“Homeland” wrapped a comeback year Sunday by returning its full focus to the United States’ maneuvers in the big scary world of geopolitical chess in the Middle East.
SPOILER ALERT: Stop reading if you haven’t seen “Homeland’s” season finale, “Long Time Coming.”
The show’s fourth season was eerily and tragically prescient about real-world events throughout its 12-episode run, right down to the season finale that aired five days after Taliban gunmen slaughtered 148 people, most of them children, at a Pakistani military school.
It’s taken as a given that “Homeland” stumbled from its own high bar in season three as the storyline focused too narrowly on flights of fancy and the doomed love affair between Carrie Mathison and Nicholas Brody. With Brody gone at the end of season three, the show was forced to reboot its plot engines and relationship dynamics. That gave the writing team led by showrunner Alex Gansa the flexibilty they needed to get the show back into its season-one form.
Gansa declined a post-mortem interview request, preferring to let the show do the talking. Showtime Networks prexy David Nevins said the planning for season four was not so much a reaction to criticism of season three as it was a desire to take Claire Danes’ Carrie into new territory — a place where she was in control, for the most part.
The writers “wanted to focus on America’s role in the world,” Nevins said of the overarching theme of the season. “What made this season so good was that it worked as an action show but it went back to the world of real political complexity. The show’s always best when it takes a complicated political story and wraps it in a complicated personal story. The writers really spent valuable time (early on) figuring out what story they wanted to tell. They told the story of how difficult America’s position in the world is in the 21st century. … They really got at the complexity of the U.S. position in the Muslim world.”
The horrendous slaughter at the military school reflected the dynamics portrayed throughout the season of the rifts within the Pakistani government and the degree to which the Taliban control parts of the country and sway policy decisions.
The headlines from the release earlier this month of the Senate’s long-awaited report on the CIA’s interrogation program in the years after 9/11 played right into the moral and tactical dilemmas that Carrie, Quinn, Saul and others wrestled with all season, right down to the closing “whoa” moment of the finale.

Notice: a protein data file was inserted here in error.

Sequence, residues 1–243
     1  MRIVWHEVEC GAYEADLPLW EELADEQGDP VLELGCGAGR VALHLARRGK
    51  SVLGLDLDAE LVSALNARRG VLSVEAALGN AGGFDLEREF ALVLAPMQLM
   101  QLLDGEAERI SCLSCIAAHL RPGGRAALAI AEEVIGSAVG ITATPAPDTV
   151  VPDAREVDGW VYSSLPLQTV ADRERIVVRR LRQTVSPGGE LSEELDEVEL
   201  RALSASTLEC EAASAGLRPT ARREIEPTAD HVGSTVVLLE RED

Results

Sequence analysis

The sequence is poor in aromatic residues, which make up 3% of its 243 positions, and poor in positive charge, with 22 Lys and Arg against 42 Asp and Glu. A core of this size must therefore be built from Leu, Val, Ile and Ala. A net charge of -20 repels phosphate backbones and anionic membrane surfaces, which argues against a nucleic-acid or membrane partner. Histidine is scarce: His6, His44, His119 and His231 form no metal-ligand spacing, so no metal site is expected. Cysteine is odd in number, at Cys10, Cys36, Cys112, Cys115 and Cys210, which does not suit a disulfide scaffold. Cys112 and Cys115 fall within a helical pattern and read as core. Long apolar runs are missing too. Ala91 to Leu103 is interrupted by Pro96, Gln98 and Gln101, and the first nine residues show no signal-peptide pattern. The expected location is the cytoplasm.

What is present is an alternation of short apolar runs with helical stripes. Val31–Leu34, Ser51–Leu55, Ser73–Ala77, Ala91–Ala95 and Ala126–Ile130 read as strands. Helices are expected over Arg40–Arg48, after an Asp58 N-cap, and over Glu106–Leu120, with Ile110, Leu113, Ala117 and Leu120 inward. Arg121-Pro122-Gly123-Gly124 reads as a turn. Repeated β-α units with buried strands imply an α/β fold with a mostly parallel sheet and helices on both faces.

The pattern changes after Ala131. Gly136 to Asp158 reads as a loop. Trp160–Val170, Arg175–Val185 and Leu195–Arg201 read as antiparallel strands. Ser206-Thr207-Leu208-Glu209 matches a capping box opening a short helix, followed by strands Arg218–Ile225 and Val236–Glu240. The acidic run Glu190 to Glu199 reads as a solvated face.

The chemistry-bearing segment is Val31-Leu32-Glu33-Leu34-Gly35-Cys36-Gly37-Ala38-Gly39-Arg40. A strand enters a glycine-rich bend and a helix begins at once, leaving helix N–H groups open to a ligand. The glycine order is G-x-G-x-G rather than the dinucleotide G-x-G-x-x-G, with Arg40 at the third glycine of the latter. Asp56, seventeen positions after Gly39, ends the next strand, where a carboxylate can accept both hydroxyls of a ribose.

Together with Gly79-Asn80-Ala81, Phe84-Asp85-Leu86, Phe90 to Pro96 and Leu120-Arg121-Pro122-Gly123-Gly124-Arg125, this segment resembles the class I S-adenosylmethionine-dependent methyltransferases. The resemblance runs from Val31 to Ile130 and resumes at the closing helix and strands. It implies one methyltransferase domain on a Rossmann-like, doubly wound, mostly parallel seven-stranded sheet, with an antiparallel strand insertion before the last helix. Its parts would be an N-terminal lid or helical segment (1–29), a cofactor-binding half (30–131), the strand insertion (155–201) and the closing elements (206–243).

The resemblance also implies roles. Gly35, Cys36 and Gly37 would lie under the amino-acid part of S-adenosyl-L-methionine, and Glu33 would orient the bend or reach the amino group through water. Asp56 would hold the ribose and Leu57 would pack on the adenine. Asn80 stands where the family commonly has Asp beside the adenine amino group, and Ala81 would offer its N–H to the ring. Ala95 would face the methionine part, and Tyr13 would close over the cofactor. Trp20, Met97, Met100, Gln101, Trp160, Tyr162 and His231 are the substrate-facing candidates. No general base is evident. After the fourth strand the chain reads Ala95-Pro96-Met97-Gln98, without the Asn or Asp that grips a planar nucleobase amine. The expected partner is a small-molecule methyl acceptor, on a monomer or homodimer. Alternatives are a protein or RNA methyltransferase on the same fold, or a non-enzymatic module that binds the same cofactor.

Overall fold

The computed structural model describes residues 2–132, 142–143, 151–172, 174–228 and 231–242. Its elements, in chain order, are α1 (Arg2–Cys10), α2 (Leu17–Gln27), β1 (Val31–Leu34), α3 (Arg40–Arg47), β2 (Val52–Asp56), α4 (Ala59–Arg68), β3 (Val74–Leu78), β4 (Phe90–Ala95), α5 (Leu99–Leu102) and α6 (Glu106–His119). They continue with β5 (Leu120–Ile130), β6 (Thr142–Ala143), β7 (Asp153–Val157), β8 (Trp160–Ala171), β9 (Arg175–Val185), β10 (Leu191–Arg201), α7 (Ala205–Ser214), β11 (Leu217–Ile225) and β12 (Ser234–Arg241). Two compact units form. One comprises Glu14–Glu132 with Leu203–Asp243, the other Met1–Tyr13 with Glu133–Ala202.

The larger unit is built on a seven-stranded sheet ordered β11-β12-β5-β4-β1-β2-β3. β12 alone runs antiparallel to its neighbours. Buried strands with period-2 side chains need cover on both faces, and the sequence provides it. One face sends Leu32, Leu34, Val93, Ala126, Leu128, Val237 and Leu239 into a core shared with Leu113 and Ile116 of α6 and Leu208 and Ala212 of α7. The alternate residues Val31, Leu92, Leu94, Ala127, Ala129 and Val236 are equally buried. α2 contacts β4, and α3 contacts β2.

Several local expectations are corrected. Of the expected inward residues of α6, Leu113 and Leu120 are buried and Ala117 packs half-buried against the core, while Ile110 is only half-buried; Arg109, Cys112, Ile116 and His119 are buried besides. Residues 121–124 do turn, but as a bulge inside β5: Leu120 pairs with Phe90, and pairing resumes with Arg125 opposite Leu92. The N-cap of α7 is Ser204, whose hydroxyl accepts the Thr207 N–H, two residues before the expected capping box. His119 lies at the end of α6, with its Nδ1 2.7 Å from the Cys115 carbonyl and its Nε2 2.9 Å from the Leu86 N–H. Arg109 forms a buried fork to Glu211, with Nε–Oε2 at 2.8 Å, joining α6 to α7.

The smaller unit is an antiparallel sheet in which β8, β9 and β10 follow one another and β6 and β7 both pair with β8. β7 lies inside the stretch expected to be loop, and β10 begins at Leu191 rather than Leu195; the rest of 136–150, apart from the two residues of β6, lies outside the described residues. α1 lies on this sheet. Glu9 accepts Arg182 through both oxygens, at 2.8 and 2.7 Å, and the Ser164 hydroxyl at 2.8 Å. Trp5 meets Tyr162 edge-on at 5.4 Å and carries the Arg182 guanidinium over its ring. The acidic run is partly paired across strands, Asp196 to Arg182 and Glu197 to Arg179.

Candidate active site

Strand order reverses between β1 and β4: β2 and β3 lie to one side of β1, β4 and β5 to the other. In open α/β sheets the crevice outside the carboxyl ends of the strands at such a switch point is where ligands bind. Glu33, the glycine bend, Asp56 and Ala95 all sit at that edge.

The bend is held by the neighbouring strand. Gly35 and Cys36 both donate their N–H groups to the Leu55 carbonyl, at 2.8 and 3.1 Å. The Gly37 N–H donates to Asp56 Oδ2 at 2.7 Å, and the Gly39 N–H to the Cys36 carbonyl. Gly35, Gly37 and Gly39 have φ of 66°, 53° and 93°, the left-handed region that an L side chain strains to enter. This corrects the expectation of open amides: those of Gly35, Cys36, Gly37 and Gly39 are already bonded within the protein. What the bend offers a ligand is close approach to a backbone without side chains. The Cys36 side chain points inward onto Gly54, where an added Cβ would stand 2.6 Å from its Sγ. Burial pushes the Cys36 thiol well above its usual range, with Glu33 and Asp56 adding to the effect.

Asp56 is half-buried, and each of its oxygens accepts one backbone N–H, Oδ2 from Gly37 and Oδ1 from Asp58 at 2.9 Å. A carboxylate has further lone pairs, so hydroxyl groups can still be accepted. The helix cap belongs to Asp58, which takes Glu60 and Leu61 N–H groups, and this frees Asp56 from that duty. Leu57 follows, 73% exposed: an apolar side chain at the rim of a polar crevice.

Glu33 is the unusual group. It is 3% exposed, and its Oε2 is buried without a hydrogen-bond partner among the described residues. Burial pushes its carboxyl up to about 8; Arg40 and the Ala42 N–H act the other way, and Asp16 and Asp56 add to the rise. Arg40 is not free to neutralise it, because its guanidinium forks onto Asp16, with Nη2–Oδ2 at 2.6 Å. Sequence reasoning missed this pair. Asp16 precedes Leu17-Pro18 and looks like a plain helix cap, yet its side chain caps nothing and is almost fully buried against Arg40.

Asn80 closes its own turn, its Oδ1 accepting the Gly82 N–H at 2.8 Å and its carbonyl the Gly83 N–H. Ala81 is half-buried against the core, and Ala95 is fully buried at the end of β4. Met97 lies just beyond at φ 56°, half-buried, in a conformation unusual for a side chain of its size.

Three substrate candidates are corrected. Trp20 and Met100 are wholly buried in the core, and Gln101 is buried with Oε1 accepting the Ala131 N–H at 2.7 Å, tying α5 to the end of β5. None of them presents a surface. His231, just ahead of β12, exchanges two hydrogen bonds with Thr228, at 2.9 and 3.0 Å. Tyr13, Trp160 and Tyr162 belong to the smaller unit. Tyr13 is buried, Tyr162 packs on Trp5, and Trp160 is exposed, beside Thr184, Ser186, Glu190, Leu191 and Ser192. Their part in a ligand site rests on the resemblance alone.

“Last night’s finale really brought that home,” Nevins said. “The conclusion is, you’re damned if you do and damned if you don’t. It’s not a simple question.”
It was also energizing this season to finally see Carrie at work in an official capacity rather than the rogue operative that she was for most of the first three seasons. “We wanted to see Carrie doing what she does best — working on foreign soil,” Nevins said. “That helped us build the new dynamics we needed this season to replace the Carrie-Brody dynamic.”
The always-complicated Carrie-Saul dynamic, meanwhile, went through plenty of changes. There’s no shortage of superlatives to describe the work done this season by Danes and Mandy Patinkin. But perhaps the strongest tribute is the fact that the finale’s closing scene — where Carrie realizes that Saul is willing to cut a deal with the devil (aka terrorist Haqqani) in order to get back into a CIA post — initially had them exchanging a bit of dialogue. In the final editing, however, Gansa realized they didn’t need any words. The emotion on Danes’ and Patinkin’s faces said it all, Nevins said.
As for the direction of season five, Nevins wasn’t about to leak any info. It’s unclear where the show will be shot, after spending season four in Cape Town, South Africa, which doubled for Islamabad and environs. Nevins said it’s likely that Gansa will take the writing team “on a field trip” to Washington, D.C., to meet with foreign service officials, members of the intelligence community and others who can add context and authenticity to the “Homeland” world.
Season four leaves off with CIA director Andrew Lockhart, Carrie and others waiting for the Beltway torture of congressional hearings into all that went wrong at the embassy. (Or as Carrie colorfully described it to her sister, the “mindf—” of a mission gone awry.)
“Homeland” is known to be must-see TV for President Obama and much of official Washington. Nevins said he’s been thinking about the show’s high profile in a volatile world in the context of the massive cyber-attack by North Korea that has created so much turmoil for Sony Pictures Entertainment during the past month.
“What’s happening with Sony is scary and depressing,” Nevins said. “As somebody who makes shows that try to engage in the world and occasionally take controversial stands, I have enormous sympathy and frustration about everything that Sony is having to deal with right now.”